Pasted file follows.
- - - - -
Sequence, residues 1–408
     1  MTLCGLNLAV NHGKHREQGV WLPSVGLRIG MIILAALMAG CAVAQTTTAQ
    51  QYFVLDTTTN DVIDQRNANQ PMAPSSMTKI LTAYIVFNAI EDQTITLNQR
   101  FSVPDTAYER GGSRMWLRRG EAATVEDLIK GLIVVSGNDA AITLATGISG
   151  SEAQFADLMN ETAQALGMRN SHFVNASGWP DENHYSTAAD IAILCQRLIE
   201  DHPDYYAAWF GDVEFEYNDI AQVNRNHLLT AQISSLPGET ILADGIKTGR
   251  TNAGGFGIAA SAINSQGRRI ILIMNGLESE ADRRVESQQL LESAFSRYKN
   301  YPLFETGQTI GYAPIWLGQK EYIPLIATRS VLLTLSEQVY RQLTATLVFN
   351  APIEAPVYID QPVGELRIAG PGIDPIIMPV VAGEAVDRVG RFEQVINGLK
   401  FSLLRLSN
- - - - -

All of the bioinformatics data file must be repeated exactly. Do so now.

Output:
Sequence, residues 1–408
     1  MTLCGLNLAV NHGKHREQGV WLPSVGLRIG MIILAALMAG CAVAQTTTAQ
    51  QYFVLDTTTN DVIDQRNANQ PMAPSSMTKI LTAYIVFNAI EDQTITLNQR
   101  FSVPDTAYER GGSRMWLRRG EAATVEDLIK GLIVVSGNDA AITLATGISG
   151  SEAQFADLMN ETAQALGMRN SHFVNASGWP DENHYSTAAD IAILCQRLIE
   201  DHPDYYAAWF GDVEFEYNDI AQVNRNHLLT AQISSLPGET ILADGIKTGR
   251  TNAGGFGIAA SAINSQGRRI ILIMNGLESE ADRRVESQQL LESAFSRYKN
   301  YPLFETGQTI GYAPIWLGQK EYIPLIATRS VLLTLSEQVY RQLTATLVFN
   351  APIEAPVYID QPVGELRIAG PGIDPIIMPV VAGEAVDRVG RFEQVINGLK
   401  FSLLRLSN